No Shortcuts

Scot McKnight, The Blue Parakeet, Chapter 3: Inkblots and Puzzles

With this chapter McKnight starts a new section devoted to answering the question: What is the Bible?  Of course, how one answers this question shapes how one reads the Bible.  I couldn’t help but feel like there was overlap between these first three chapters, but the book is anything but technical so it reads quickly.

The author posits that what we really want is for the Bible to come alive and transport us into a whole new world, as did the maritime picture in C. S. Lewis’s The Voyage of The Dawn Treader into which Edmund, Lucy and Eustace “swim” back to Narnia.  This idea of world-constructing portal into a new kind of existence is an excellent one!

Unfortunately, like so many other things in our life, we take shortcuts instead.  McKnight lists six such shortcuts:

  1. Reducing the Bible to nothing more than a lawbook.  The problem with this approach is that this tends to turn us into self-righteous, judgmental people who miss the bigger point.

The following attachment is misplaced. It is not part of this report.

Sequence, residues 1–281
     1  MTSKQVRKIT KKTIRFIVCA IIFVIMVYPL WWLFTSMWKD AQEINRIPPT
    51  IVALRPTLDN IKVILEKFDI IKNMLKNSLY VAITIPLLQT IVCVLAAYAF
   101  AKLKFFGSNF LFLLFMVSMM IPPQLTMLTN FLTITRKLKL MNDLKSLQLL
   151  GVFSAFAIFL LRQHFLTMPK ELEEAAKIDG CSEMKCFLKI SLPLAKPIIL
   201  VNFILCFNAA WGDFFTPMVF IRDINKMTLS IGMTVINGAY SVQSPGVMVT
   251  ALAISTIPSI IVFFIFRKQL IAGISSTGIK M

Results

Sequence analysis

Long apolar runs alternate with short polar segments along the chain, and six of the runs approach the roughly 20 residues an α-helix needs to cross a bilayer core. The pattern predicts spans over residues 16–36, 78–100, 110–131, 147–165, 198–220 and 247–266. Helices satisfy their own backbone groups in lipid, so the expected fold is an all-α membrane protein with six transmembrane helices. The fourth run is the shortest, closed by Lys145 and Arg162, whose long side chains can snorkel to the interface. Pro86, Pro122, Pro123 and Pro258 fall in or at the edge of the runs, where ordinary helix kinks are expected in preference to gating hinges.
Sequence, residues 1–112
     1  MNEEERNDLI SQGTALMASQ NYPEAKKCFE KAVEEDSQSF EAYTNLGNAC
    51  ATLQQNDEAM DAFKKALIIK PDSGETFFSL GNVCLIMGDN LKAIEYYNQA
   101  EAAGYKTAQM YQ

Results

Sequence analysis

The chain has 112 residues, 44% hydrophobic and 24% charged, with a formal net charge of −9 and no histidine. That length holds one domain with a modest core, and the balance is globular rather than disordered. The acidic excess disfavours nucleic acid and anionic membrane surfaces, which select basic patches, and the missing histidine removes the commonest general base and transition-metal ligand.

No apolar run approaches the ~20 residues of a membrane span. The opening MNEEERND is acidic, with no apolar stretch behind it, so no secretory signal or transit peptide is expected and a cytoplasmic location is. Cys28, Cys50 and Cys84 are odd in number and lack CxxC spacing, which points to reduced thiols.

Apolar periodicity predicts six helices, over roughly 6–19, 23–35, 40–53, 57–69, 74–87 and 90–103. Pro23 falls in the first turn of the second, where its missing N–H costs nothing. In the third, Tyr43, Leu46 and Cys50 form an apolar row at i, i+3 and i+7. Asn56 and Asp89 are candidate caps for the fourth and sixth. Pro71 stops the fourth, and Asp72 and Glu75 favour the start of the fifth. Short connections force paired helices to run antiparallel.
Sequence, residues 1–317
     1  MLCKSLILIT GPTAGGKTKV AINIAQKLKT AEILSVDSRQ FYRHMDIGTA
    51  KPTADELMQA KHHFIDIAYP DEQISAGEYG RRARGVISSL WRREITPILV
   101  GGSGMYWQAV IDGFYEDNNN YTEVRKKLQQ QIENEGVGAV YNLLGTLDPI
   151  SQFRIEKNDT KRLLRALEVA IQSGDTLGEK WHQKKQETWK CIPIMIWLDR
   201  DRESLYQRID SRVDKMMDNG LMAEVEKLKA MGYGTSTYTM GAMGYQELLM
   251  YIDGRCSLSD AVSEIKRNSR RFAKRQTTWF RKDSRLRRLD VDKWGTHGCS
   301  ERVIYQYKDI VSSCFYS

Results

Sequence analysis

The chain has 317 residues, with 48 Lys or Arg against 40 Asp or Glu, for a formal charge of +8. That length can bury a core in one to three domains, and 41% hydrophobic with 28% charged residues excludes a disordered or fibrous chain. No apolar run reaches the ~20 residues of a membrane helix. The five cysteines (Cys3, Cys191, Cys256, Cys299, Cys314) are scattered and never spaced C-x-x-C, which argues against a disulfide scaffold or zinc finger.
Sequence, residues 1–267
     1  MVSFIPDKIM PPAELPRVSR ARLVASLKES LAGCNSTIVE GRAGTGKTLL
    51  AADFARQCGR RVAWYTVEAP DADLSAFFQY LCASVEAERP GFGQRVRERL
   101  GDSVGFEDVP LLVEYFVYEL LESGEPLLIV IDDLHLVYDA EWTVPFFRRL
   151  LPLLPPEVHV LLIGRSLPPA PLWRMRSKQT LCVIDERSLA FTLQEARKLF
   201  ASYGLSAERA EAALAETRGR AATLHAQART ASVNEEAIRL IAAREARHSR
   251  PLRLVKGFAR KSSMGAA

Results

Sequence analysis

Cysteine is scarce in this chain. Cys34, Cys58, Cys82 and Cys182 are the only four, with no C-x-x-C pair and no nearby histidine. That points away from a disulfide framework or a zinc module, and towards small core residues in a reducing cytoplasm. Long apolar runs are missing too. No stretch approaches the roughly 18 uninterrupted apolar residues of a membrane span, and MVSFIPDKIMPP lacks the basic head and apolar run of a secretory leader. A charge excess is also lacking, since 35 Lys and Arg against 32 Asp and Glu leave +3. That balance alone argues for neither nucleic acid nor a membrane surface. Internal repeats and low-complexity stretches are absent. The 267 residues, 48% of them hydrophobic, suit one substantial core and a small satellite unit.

2. Reducing the Bible to lists of blessings and promises.  The problem is that we expect life to always be pleasant and miss the character formation possible from hardships.
  3. Reading the Bible like an inkblot or mirror which are really just ways to say something about yourself.  The problem here is that this casts the Bible in our own image to serve our own desires.  This approach isn’t redemptive, it is narcissistic.
  4. Reading the Bible as if it is a puzzle that is intended to be put together piece by piece.  In this approach we are really trying to construct the “picture” of what was behind the Bible.  The problem is that we don’t know what that picture was and it is arrogant to think we can totally figure it out and master the Bible.  This is a shortcut because once we “put the puzzle together” we don’t think we ever have to again.
  5. Reading the Bible through the lens of one master, usually Jesus or Paul.  The problem here is that we make everything fit with that one person’s theology and usually miss things in our reductionism.

In the next chapter McKnight will give us a better analogy to use to answer the question, “What is the Bible?”

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